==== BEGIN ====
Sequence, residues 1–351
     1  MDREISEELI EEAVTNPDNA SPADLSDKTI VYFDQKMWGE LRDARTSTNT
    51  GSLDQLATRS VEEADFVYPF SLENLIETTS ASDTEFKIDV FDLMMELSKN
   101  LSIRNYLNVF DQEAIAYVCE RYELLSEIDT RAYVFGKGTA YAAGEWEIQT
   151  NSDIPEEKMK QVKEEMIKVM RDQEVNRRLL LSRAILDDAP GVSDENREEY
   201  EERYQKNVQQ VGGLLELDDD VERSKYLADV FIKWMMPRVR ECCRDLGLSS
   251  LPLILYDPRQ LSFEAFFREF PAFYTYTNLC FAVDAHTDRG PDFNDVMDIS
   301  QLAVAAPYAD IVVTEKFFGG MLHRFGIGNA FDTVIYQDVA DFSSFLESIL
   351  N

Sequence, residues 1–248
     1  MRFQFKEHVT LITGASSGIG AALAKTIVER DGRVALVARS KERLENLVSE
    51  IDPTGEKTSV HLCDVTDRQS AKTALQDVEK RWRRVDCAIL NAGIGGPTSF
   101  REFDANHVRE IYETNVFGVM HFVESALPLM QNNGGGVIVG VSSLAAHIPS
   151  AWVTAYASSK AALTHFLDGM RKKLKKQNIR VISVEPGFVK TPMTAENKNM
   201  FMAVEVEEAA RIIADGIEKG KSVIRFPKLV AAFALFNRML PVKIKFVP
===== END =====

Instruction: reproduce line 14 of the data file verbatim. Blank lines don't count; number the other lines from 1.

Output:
   151  AWVTAYASSK AALTHFLDGM RKKLKKQNIR VISVEPGFVK TPMTAENKNM